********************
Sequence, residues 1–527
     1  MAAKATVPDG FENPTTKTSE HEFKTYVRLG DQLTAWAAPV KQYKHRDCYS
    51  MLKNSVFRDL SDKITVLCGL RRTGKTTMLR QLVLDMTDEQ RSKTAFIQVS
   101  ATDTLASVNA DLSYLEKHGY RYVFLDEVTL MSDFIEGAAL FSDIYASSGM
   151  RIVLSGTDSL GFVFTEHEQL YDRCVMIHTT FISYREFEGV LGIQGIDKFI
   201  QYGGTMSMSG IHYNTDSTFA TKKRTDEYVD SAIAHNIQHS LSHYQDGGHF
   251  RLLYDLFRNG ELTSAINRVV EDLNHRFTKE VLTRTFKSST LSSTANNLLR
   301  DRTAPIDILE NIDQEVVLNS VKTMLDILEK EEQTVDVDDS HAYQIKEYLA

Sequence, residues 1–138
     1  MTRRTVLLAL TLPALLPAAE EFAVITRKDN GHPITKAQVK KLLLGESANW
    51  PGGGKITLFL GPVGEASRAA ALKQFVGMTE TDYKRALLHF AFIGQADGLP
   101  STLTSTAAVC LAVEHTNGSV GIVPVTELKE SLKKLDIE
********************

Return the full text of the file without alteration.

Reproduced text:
Sequence, residues 1–527
     1  MAAKATVPDG FENPTTKTSE HEFKTYVRLG DQLTAWAAPV KQYKHRDCYS
    51  MLKNSVFRDL SDKITVLCGL RRTGKTTMLR QLVLDMTDEQ RSKTAFIQVS
   101  ATDTLASVNA DLSYLEKHGY RYVFLDEVTL MSDFIEGAAL FSDIYASSGM
   151  RIVLSGTDSL GFVFTEHEQL YDRCVMIHTT FISYREFEGV LGIQGIDKFI
   201  QYGGTMSMSG IHYNTDSTFA TKKRTDEYVD SAIAHNIQHS LSHYQDGGHF
   251  RLLYDLFRNG ELTSAINRVV EDLNHRFTKE VLTRTFKSST LSSTANNLLR
   301  DRTAPIDILE NIDQEVVLNS VKTMLDILEK EEQTVDVDDS HAYQIKEYLA

Sequence, residues 1–138
     1  MTRRTVLLAL TLPALLPAAE EFAVITRKDN GHPITKAQVK KLLLGESANW
    51  PGGGKITLFL GPVGEASRAA ALKQFVGMTE TDYKRALLHF AFIGQADGLP
   101  STLTSTAAVC LAVEHTNGSV GIVPVTELKE SLKKLDIE